In the past 25 years, the number of children with early motor delays has dramatically increased. The American Academy of Pediatrics Council on Disabilities estimates that as many as 400,000 children are at risk for an early motor delay[1]. Suggested reasons for this sharp increase are varied and include: a rise in multiple and premature births, increased survival rate of children with cardiac, neurological, and genetic disorders, and post birth positioning[2].

An early motor delay can refer to a variety of conditions ranging from low tone to cerebral palsy. Most severe motor irregularities are detected at birth and minor delays become apparent as early as two months of age. These delays can affect a child’s ability to learn basic skills such as grasping, crawling, standing, walking, and talking. Synapse development for motor skills, seeing, and hearing peaks at 3 months of age[3], so the sooner a child with a suspected motor delay is referred for an evaluation, the better. The commonly used “wait and see” method can slow a child’s developmental progress. Treatment and prevention for delays can be as simple as doing more tummy time while the baby is awake, while complex cases could require physical, occupational, or speech therapy.

When trying to detect early motor delays it is helpful to know the signs of typical and atypical development. offers free videos and handouts that show typical and atypical development in infants at 2, 4, and 6 months of age. The videos show an infant assessment created by Dr. Elspeth Kong, a Swiss pediatrician, and demonstrate how the power of observation can be a physician’s greatest tool in evaluating a child. The assessment encourages physicians to focus on the quality and symmetry of a movement rather than the existence of a movement.

Physicians should also regularly recommend tummy time to parents. When talking about “Back to Sleep” it is important to include “Tummy to Play”.  In 2008, a national survey of pediatric occupational and physical therapists was conducted. Sixty-six percent observed an increase in motor delays in babies under 12 months of age, and a majority of these therapists suggested that lack of tummy time contributed to the increase. Seventy percent of the therapists noted that most parents have little or no understanding of tummy time[4]. By increasing tummy time many children can avoid conditions like positional plagiocephaly, positional torticollis, and other conditions associated with early motor delays.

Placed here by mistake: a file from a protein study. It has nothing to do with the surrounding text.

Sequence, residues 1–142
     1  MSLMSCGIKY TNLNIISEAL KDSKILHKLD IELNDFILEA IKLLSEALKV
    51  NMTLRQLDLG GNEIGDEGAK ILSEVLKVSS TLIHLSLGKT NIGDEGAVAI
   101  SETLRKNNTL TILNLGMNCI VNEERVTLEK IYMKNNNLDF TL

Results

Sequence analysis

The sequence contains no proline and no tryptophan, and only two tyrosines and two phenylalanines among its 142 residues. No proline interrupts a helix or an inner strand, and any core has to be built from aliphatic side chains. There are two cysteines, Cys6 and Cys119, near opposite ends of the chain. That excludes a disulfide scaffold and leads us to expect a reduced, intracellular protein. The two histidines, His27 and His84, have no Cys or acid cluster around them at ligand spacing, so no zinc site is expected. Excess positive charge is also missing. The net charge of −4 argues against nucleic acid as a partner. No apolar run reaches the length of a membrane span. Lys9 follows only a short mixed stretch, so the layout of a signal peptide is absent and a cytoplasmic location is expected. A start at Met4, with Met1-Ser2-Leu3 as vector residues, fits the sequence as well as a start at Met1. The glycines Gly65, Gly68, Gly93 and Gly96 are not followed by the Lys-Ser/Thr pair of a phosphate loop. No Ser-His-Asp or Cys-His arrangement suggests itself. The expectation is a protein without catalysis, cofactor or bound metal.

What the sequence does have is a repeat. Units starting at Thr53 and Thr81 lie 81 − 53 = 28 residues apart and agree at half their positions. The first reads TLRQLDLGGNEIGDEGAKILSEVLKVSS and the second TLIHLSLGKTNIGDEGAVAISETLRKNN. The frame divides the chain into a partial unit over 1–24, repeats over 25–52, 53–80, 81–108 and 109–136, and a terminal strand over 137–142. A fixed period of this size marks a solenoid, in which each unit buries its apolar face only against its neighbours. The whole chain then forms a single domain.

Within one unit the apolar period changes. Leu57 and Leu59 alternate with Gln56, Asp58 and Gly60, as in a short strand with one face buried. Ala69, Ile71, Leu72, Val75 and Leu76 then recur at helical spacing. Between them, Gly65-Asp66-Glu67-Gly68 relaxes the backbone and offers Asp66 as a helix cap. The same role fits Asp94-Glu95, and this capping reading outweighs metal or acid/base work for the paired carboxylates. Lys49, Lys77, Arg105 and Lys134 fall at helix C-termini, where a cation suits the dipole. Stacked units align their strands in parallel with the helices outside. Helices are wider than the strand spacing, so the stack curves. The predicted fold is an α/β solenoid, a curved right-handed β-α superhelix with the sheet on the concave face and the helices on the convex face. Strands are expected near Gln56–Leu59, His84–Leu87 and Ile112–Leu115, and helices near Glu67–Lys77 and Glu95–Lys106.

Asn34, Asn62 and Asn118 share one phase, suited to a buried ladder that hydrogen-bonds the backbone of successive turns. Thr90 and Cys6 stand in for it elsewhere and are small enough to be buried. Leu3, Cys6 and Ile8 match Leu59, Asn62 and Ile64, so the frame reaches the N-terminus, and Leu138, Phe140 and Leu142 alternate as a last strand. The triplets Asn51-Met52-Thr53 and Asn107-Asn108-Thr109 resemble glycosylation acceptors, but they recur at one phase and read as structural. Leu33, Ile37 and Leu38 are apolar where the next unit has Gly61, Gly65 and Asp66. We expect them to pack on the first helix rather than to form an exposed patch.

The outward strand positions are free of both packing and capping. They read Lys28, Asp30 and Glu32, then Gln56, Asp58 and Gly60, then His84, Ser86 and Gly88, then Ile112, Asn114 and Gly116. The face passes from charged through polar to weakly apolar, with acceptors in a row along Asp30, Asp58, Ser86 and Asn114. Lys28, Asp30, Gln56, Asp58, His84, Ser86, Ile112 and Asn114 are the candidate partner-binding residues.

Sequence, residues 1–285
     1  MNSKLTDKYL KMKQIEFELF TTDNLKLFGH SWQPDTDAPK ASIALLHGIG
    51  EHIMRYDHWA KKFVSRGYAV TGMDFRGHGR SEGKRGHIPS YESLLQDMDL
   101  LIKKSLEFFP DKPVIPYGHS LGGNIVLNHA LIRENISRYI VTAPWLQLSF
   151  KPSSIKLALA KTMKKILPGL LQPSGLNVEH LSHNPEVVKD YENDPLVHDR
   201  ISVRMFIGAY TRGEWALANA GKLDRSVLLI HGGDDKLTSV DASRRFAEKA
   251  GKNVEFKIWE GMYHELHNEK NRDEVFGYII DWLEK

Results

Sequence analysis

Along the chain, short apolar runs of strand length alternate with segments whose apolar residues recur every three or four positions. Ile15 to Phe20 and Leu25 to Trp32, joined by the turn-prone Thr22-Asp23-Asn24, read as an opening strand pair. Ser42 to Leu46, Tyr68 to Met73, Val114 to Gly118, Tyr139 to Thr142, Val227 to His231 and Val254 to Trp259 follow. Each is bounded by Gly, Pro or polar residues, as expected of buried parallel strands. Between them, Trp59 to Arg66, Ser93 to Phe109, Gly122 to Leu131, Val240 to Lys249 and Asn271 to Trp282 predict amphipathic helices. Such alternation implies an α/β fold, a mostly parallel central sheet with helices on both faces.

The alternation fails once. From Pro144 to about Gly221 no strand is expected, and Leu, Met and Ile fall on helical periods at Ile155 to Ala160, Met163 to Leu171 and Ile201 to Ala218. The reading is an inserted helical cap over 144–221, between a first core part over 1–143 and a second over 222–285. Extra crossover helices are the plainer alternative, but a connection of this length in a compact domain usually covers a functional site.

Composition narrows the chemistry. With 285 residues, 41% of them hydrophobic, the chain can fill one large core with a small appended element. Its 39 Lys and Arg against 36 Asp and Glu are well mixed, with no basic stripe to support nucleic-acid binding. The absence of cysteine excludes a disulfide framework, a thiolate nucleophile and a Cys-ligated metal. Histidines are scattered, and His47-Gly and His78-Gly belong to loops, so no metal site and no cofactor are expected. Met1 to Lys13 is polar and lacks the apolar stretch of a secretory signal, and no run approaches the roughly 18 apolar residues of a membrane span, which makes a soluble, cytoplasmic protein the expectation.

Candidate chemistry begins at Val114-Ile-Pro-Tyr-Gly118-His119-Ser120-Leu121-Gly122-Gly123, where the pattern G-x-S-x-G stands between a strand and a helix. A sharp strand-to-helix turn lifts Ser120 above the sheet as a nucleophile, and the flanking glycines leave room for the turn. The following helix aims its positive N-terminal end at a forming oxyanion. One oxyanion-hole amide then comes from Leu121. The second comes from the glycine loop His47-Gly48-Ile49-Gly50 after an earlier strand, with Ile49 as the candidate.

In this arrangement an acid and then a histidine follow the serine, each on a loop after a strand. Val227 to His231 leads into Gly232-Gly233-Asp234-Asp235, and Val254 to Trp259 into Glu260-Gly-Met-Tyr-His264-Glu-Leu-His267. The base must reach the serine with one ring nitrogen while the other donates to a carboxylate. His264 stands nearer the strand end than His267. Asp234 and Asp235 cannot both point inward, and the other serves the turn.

Tummy Time can start as soon as a baby comes home from the hospital. Parents often struggle with tummy time when their baby cries; however making tummy time a part of a baby’s routine can help minimize the struggle. If a parent is unsure of how to begin tummy time, then suggest the video “5 Essential Tummy Time Moves”. This video can help give parents some tips and make tummy time easier.  The accompanying handout can be helpful to discuss these positions during office visits.

A child can be referred to the state’s Early Intervention Services if an early motor delay is suspected. Early Intervention offers a number of services to children and their families including physical, occupational, and speech therapy.


  • [1] Statistics compiled by the Medical Round Table from a variety of sources, including the March of Dimes, Pediatrics Annual Summary of Vital Statistics, and the Centers for Disease Control and Prevention

    [2] Mahnemer, A, Barr, RG.  Influence of supine sleep positioning on early motor milestone acquisition. Dev Med Child Neurol. 2005; 47(6):370-6; discussion 364 (ISSN: 0012-1622) and National Survey of Pediatric Experts Indicates Increase in Infant Delays (press release). Accessed September, 2009.

    [3] From Neurons to Neighborhoods: The Science of Early Childhood Development, 2000. Institute of Medicine (IOM). Accessed September 30, 2009.

    [4] Survey conducted by Chicago-based marketing firm, Hyde Park Group on behalf of